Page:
‘How did you find the party?’ I asked only to start a conversation, although I wasn’t in the mood to talk.

‘Okay,’ she replied simply.

‘Did you like it?’


‘Did you have fun?’


I felt like we were getting nowhere and didn’t know how to continue to get her to cooperate.

‘Did you see Alex? He’s so cute. I think he wants us to be together.’ Or maybe I said he wanted us to be friends, because that’s how we talked back then, but what does it matter?

‘He’s okay. I like guys to be a little taller.’

‘Even as tiny as you are?’

‘Yes. I think that’s exactly why. Plus, my dad is tall… Imagine bringing my boyfriend home and he looks like a little kid next to him?’

‘True… Hey, have you had any boyfriends before?’

‘Yeah, two. Were you scared you might have been my first kiss?’ She started laughing half amused, half ironic.

‘A little bit,’ I said to provoke her. ‘Anyway, it doesn’t compare to mine.’

‘It wasn’t anything special.’

I think my ears turned red at that rather mean reply, especially said in such an indifferent tone. I felt my heart race again because the decision was made: I approached her and kissed her simply. She didn’t flinch, didn’t say anything, but didn’t respond in any way either. She was like a doll, completely unreactive. And that made me angry, I think. One thing was certain to me I was determined to change her expression at least. If she didn’t like it, she could reject me. She could slap me! That’s what I would have done.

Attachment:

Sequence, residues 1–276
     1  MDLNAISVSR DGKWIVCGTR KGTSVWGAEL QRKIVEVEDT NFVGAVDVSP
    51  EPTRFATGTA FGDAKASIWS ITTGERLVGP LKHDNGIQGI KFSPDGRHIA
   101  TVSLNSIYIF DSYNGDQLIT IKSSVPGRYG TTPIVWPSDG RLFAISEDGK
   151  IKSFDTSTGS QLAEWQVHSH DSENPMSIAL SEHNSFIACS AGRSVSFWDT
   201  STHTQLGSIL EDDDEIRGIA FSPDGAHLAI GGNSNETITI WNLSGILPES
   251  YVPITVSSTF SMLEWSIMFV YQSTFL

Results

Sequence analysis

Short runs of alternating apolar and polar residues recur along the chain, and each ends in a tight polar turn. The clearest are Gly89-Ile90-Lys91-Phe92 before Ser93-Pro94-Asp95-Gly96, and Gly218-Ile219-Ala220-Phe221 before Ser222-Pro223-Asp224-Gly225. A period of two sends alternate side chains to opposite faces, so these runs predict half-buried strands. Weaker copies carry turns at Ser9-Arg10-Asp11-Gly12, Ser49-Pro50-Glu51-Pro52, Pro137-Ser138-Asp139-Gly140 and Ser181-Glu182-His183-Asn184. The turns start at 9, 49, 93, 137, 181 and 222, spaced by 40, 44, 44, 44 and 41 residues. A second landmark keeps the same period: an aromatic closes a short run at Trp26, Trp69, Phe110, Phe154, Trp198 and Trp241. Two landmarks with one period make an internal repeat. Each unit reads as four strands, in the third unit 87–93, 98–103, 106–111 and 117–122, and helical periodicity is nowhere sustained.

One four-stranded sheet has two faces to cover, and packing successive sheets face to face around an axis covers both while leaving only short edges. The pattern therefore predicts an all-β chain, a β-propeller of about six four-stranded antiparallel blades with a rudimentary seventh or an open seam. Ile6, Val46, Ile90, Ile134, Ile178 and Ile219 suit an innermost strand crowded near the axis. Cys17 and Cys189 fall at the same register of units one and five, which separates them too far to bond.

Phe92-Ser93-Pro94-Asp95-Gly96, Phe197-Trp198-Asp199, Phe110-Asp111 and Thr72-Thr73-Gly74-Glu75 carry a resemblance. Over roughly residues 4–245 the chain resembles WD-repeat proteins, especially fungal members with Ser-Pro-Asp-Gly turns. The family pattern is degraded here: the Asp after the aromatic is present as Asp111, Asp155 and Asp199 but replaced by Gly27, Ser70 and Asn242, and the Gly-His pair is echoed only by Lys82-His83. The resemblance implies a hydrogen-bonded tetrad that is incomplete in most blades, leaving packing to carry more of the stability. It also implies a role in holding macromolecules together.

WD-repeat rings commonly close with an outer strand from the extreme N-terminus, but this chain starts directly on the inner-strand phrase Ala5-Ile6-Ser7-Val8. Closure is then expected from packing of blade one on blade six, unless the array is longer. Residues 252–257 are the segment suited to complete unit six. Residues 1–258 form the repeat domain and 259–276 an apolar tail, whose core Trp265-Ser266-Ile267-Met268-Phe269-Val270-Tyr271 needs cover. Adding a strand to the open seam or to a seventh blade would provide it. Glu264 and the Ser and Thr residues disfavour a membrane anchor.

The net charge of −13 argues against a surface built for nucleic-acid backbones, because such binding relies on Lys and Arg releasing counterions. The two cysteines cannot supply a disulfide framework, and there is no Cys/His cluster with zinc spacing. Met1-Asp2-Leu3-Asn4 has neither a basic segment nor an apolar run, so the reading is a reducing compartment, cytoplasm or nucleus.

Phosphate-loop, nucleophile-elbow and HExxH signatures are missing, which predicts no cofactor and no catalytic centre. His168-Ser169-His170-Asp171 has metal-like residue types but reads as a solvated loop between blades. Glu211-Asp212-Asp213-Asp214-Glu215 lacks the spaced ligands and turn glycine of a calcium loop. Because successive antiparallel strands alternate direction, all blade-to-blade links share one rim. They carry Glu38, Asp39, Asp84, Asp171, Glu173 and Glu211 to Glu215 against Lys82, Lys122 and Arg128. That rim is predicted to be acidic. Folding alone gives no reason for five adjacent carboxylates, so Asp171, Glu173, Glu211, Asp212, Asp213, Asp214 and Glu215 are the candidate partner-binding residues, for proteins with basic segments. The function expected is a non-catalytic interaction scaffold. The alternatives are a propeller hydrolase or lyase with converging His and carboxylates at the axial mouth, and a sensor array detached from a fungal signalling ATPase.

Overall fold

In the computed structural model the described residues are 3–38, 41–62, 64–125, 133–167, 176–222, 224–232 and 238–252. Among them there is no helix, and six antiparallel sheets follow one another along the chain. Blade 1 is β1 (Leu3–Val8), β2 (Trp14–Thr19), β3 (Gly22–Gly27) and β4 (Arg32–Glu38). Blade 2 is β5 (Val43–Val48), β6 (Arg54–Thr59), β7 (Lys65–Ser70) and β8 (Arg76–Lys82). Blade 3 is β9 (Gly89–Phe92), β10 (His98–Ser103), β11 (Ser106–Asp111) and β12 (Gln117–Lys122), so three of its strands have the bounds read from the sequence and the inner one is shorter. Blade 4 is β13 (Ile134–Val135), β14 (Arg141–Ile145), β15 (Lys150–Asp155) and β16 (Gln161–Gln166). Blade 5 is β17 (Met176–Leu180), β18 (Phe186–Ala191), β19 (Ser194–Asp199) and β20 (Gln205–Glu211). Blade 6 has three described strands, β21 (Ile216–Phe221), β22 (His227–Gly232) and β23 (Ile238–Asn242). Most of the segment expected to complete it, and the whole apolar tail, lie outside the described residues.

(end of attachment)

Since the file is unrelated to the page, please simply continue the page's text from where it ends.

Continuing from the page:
I took her head in my hands, looked her straight in the eyes, my breath cut off by emotion, and kissed her again, longer and more passionately. And she responded. I kissed her again. And again. And again. Until our lips were hot and red and tasted of both of us. I felt warm, so I took off my t-shirt. She looked at me in a way no one had ever looked at me before. A mix of desire and admiration that sent a shiver down my spine. She stared at me until I couldn’t resist anymore and kissed her again just so she wouldn’t keep looking at me like that. A sweeter and more passionate kiss than before, her hands finding their way from my waist to my back, from my back to my shoulders, from my shoulders to my neck, in a kind of mimicked strangulation, then gently descending onto my chest. She completely overpowered me, and from there, it becomes predictable, losing ourselves in feelings and sensations we had never felt before and of which I became almost addicted.